Three Ferries and Seven Burns - Walk to Proaig and McArthur's Head, Islay
I hadn't dared hope for more than just a dry day when Jim (our pastor) suggested a walk at the weekend. After all we'd already had three glorious days of sunshine in a row - we couldn't ask for too much, now could we?
The day dawned not quite as bright as the previous three days, but definitely dry enough for our planned walk to the erstwhile village of Proaig on the Sound of Islay. The sun made much more of an appearance as the day went on, however, and it ended up yet another glorious day and I was so glad we'd made the most of the opportunity. It was the first proper walk I'd been on in what seems like ages (with decent weather that is - I did go to Glengarrisdale on Jura a few weeks ago)
We started at Ardtalla, which is where the road ends on Islay's south-east coast, and watched the 0945 ferry, now well into its passage to Kennacraig. There are several burns to cross on this walk. After the one at Ardtalla , the next one crosses Allt an t-Sidhein . The track then leads into square NR4656 , but you have to watch for it or you'll miss it before it descends into a wood and up again and across another burn, this time the Allt nam Bodach (Burn of the Old Man). The final one is across Allt nan Gad . 'Gad' translates from Gaelic as either 'twisted twig', 'switch', 'the number of fish as carried home on a string or withe' or 'bend on anything'. I suppose any of these could be appropriate in this case!
The ATV path thus far had been quite distinct, although at times there was a fork and it wasn't clear which you should take - we tended to choose the one closest to the coast. Whilst the path sometimes led through boggy ground, it was not as wet as I have seen it in the past (admittedly that's not saying a lot!) After crossing Allt nan Gad we were anxious to get down to the coast, so followed the next burn down. At least we thought it was a burn; it turned out to be the Abhainn Torr a' Mhuilinn (River of the Hill of the Mill) which broadens at its mouth . There is no longer any evidence (that we could see) of a mill here. The Rubha Biorach can be seen in the photo. This translates as either 'Dog-fish Point' (I think the most likely), 'Two-year old heifer Point', 'Year old horse Point' or other similar animal translations.
We walked as quietly as we could along this stony shore, but were disturbing Rock Pipits, Reed Bunting, Wheatear and, of course, Oystercatcher and Ringed Plover. Our hope of seeing otter was seriously diminished, despite the fact that the wind, blowing from the north would not be carrying our scent. I think you immediately lessen your chances of seeing this animal with a group of more than one person anyway! I've tended to see them when out walking on my own, not thinking about it!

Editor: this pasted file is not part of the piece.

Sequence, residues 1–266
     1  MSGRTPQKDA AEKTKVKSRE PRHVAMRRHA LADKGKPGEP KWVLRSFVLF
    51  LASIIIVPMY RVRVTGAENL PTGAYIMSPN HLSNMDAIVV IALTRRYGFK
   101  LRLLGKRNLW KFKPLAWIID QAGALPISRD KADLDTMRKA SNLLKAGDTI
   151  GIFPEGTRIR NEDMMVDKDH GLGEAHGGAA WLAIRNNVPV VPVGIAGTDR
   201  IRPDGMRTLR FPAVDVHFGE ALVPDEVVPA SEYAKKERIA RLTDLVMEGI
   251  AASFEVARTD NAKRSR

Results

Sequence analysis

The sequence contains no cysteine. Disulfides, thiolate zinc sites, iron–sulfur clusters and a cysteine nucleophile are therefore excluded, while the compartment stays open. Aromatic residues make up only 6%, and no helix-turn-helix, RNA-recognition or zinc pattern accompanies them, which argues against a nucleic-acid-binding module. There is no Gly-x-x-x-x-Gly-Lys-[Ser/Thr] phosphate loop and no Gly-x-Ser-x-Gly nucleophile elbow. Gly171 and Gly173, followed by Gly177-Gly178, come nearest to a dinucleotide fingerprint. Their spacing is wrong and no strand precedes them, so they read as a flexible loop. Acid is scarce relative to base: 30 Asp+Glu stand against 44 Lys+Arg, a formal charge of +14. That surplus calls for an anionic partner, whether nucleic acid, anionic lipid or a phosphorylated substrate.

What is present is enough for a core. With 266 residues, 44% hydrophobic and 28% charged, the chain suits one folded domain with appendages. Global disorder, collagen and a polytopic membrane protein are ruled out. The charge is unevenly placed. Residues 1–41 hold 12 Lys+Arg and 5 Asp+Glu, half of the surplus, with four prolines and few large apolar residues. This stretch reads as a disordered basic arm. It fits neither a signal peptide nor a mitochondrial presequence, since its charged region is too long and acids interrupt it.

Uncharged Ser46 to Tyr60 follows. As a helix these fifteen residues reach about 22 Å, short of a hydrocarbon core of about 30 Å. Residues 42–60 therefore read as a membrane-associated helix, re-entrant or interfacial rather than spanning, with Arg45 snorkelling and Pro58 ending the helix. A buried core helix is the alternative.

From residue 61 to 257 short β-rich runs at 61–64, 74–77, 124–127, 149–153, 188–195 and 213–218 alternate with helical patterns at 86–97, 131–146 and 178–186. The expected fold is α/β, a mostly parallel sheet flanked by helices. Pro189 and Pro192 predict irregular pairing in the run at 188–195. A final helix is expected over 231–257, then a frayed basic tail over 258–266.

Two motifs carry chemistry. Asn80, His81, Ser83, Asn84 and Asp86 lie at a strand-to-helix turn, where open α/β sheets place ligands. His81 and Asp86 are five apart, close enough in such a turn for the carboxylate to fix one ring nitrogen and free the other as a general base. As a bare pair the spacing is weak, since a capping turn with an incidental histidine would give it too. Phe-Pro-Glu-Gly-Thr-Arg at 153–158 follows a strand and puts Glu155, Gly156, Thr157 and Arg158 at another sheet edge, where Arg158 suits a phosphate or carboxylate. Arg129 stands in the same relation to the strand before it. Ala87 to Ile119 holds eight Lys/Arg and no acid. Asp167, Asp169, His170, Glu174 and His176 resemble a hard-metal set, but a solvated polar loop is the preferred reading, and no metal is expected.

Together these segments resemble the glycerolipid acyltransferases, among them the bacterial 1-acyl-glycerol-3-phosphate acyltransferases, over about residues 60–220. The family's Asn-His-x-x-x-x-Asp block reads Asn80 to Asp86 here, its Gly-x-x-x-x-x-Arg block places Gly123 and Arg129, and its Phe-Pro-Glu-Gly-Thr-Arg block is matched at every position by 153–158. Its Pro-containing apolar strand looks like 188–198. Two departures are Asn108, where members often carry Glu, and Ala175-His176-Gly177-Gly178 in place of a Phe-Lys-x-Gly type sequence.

The re-roofed shepherd's cottage had been visible for some distance and now as we approached it, if we hadn't got the map, we wouldn't have known there was still one more barrier between us and this haven - yet another river. The biggest yet. All that ford crossing was preparation for the Abhainn Phroaig, which was fine for those of us in wellies (or it would have been if one of us didn't discover a leak at that point!), but not so fine for Jim in his walking boots. There is a sort of bridge further upstream, but we opted to cross near its mouth where there are plenty of 'stepping stones'. From here the bothy looked enticing . It had been re-roofed since my last visit . Proaig translates from Old Norse as 'Broad Bay'. Its history dates back to 1506 when 6 cowlands were granted to John MacIan in recognition that his father had held them from Alexander Earl of Ross. In 1722 it was recognised as 'a toun very beneficial for pasturage; good for fattening and nourishing cattle', but by 1878 all that remained (and that remains now) is a shepherd's house. (Information from Islay The Land of Lorship by David Caldwell)
We lingered at the bothy for some time, munching our lunch and discussing the pros and cons of staying the night here (for future reference!) I decided it would be very noisy on all but the quietest of nights, but there was a cosy fireplace, a little Ardbeg Whisky and some peat -who could ask for anything more!
We'd decided we would continue on to McArthur's Head and that we would do so along the shore. So we walked along one of Islay's most beautiful beaches and crossed yet another burn, The Allt a' Ghlinne Dhuibh (Burn of the Black Glen) . It was difficult walking underfoot across stones of various sizes and states of slipperiness. Lorna was quite content searching in rockpools and was often lingering behind whilst Jim and I found a conveniently placed tree trunk or stone to sit on and wait.
There are several caves dotted along this coastline and and we watched Shags flying up to their nests high on the cliffs below the lighthouse. Round every bend we expected to see the lighthouse, but you actually don't see it until you're literally beneath it, straining your neck upwards. You still have to round Rubh' a' Phuill at this point (possibly 'Point of Turning') and , a rather dramatic natural arch/cave just beneath the lighthouse. A very steep and scary set of steps leads up to this white-washed lighthouse, gleaming in the afternoon sun . We waited for the 1530 hours ferry to sail past and took many photos. (Unfortunately in my excitement every single one was shot on ISO 1600 and therefore not much use!)
We opted for the 'high road' for our return route, which meant lots of bracken and heather, but glorious views . The view of the beach north of Proaig was especially worth all the ticks! We watched the 1800 ferry leave Port Ellen before we arrived back at the car - the only time I can recall having seen all three ferries in one walk!
- Thu, 19 Jul 2012 at 06:09
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